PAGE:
Skagway’s assembly seeks to discuss the future of its community-run medical clinic. Thursday night, they will vote on whether or not to allow the borough executive to negotiate a sale price with the Southeast Alaska Regional Health Consortium before submitting that deal to voters for final approval. They will also look at multiple ways to address seasonal housing shortages. KHNS’ Mike Swasey spoke with Vice Mayor Orion Hanson about the agendahe will lead the meeting with the mayor out of town.
Swasey – Vice Mayor Orion Hanson, thank you very much for joining us. Looks like the agenda is unusually long for the assembly meeting on Thursday evening and the most important item on this agenda is the clinic. And it looks like there’s a order brought on which you will vote on whether or not the manager can negotiate a purchase price. Tell us about this order.
Hansen – If it passes, it would authorize the manager to negotiate with the SEARHC to propose a price for the clinic and the conditions of sale. And then there would be a question on the ballot and a separate resolution that would establish a special election to ask Skagway voters if they support the sale of the clinic to SEARHC for the fixed price that the director would negotiate.
Swasey – How long will the negotiations last?
Hansen – You must have an appraisal done by a qualified appraiser. And this must be done within six months of executing any type of sale. So it’s a bit tricky to do that in coordination with a special ballot there. There are timing things that need to be straightened out. I think it is possible to do it probably this summer.
Swasey – Okay, well, let’s move on to some proposed residential housing ordinances that will be before the assembly on Thursday. One of them concerns the size of secondary buildings on a residential property. And the other is, how much of your property you can cover with buildings. Can you kind of explain to us what those ordinances look like?
Hansen – Yeah, they both came from civic affairs, then they also went into planning and zoning. the secondary suite ordinance would remove a maximum size. So you could build an accessory house whatever size you wanted, as long as it met all the setbacks, parking criteria, life safety standards, that sort of thing. And then also the width required for the height, less than 35 feet, which is as big as our fire trucks.
The other order would change the maximum lot coverage from 50% to 75%.
Swasey – How much land do you own that you could fill with buildings?
Hansen – It is indeed the imprint of a building that is on concrete. And if you have a plastic garden shed, that’s not what we’re talking about. We are talking about permanent housing. The other thing it does is it would also change the minimum size for a mobile home from 3,000 square feet to 2,000 square feet, which means you could have two mobile homes on one lot.
Swasey – OK. Meanwhile, there is a ordinance that would expand motorhome parking, you know, there’s already a code on the books that allows RV parking in residential yards for the next two years. But this next bill wants to go a little further to tell us what it wants to do.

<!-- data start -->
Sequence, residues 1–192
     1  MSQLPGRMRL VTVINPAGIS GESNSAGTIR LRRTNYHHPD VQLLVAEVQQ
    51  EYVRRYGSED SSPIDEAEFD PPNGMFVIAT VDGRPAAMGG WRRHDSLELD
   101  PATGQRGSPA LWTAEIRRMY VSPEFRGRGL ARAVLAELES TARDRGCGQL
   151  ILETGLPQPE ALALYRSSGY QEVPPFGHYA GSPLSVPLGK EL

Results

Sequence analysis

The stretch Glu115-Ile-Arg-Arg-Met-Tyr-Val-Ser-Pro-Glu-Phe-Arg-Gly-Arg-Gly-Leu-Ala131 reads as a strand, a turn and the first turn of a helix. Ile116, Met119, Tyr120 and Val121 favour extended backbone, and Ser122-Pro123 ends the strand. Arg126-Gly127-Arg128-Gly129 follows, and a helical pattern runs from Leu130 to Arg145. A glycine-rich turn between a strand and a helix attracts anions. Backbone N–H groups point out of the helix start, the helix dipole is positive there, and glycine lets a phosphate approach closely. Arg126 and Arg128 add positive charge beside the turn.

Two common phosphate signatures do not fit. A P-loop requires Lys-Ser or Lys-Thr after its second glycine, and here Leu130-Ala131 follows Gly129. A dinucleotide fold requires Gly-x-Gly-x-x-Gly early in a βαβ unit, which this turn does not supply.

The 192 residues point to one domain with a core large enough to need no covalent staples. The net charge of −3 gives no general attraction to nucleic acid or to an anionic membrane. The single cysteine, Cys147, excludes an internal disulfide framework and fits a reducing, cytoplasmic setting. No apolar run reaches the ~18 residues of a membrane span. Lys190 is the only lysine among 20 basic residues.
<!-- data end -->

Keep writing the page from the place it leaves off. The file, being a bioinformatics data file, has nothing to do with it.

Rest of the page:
Hansen – So currently the RV resolution would be active for the summer of 2022 and the summer season of 2023. I think that would extend it to 2026. Another thing it would allow is to put two RVs on a vacant lot 5,000 square feet for properties north of 15th Avenue.
And this recreational vehicle ordinance is something that we’ve had in place for a few years to try to normalize and recognize that we have a housing problem. And it went through the permissions manager. There are life safety checks, it has to go into a sanitary sewer system that is part of the house and it has to have potable water, it has to have a proper electrical connection.
Swasey – Very well. There is also the approval of a groundwater survey for lots 11 and 12, it’s new business and it’s just kind of a budget proposal on it. Tell us where lots 11 and 12 are.
Hansen – It’s across from the public works building on Fifth and Alaska. We wanted to sell these lots, but there was some contamination. So this is a proposal from Cox Environmental, to try to get surveying and monitoring to make sure the water is clean now.
Swasey – Also on the agenda, we are looking at a Proposal for the construction of the Harbor Master’s Office and public toilets and showers. There’s garbage planning, mobilization event proposal, the list goes on and on. And then you can finish with a nightcap of an executive session. Obviously, you can’t go into details. But which generals will you all be talking about in the executive session?
Hansen – Berthing agreements for ships.
Swasey – Does it mainly have to do with post-March 2023? (Skagway takes control of much of its port in March 2023 after the 55-year lease with White Pass and Yukon Route expires).
Hansen – Absolutely. We need a process, a master key so that we can negotiate in the future with individual cruise lines or whatever the shipping line is.
Swasey – Vice Mayor Orion Hanson thanks you for the meeting overview.
Hansen – You’re welcome.
Thursday’s borough assembly meeting can be streamed live starting at 7 p.m. on khns.org.